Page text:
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Growing number of seniors use internet to manage healthcare

October 24, 2012

Internet use among older adults has consistently risen over the last few years, and the results of a new study suggest that they're logging on to help them with healthy aging. The research, conducted by Harris Interactive on behalf of Optum Institute, found the majority of seniors use the internet to manage their health and stay in contact with doctors, according to the Medicare NewsGroup.

The findings were based on a survey of 2,870 older adults, and despite the prevalence of internet use among seniors, some experts were surprised that those 65 and older head online for health issues. To Optum Institute vice president Carol Simon, however, these results are indicative of a growing trend of older adults wanting to be more actively engaged in their health.

The study also revealed some ways older adults would like to incorporate technology, the internet in particular, into their healthcare regimen. Specifically, about 60 percent of consumers over 65 said they would like email reminders for their appointments. Additionally, 57 percent said they wanted to communicate online with their physicians.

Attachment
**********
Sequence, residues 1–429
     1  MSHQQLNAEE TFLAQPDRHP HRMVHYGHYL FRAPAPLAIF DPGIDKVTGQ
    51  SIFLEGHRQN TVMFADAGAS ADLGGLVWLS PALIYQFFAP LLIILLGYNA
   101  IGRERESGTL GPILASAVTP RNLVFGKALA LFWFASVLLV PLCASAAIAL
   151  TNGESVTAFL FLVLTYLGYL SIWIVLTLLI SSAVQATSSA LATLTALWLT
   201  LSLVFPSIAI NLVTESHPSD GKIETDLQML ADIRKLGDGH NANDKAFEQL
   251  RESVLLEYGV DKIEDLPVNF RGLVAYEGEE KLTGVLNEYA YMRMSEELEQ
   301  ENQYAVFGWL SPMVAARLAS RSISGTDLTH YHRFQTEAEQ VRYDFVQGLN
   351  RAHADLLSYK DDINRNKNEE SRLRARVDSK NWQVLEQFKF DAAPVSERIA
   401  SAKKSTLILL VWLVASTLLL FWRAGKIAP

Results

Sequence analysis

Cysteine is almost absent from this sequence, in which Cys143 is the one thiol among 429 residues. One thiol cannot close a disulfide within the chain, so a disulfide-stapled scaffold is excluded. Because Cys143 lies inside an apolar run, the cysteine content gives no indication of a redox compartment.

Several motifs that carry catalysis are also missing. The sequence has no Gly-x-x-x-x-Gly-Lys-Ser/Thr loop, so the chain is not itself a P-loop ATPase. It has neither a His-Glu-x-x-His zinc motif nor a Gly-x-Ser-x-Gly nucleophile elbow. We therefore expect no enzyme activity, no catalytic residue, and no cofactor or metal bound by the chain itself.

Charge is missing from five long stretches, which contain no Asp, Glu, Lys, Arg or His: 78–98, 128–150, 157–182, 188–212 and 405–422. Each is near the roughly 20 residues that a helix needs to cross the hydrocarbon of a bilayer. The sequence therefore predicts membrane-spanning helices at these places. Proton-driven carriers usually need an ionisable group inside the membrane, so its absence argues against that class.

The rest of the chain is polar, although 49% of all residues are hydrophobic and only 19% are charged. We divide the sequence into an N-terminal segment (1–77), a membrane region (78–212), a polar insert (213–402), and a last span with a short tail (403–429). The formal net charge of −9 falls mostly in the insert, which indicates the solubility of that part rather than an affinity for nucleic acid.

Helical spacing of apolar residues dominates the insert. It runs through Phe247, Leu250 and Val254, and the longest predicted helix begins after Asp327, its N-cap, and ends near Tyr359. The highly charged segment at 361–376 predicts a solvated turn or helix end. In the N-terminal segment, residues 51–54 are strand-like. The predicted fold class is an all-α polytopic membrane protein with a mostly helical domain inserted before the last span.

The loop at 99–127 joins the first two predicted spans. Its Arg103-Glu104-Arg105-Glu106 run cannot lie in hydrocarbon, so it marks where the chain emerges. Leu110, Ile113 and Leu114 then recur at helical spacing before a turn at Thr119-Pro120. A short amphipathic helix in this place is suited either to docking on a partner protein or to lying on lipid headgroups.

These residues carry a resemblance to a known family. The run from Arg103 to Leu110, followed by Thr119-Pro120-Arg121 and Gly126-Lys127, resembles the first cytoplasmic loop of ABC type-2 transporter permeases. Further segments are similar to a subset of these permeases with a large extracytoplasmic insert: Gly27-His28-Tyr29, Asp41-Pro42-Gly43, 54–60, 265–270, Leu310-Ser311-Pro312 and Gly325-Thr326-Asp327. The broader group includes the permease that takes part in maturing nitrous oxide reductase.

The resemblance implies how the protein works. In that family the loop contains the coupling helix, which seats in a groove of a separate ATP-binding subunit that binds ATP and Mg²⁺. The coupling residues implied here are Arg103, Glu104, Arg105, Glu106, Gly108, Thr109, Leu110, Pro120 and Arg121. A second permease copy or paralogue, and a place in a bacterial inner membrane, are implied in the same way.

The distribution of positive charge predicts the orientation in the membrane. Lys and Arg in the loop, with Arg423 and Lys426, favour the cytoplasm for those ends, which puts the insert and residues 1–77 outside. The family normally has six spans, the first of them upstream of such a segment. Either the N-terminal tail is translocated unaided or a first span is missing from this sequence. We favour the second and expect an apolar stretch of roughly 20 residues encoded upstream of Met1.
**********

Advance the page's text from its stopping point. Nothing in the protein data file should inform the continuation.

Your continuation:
It's also important for doctors to be interested in using the internet to talk to their elderly patients. According to a 2009 study, if physicians are more enthusiastic about using online communication, their older patients tend to follow suit.

The results should signal to healthcare providers that older adults' expectations of medical care are shifting. They should take note of this fact especially in light of findings from the Pew Research Center this year that found, for the first time ever, that more than half of seniors are using the internet on a regular basis.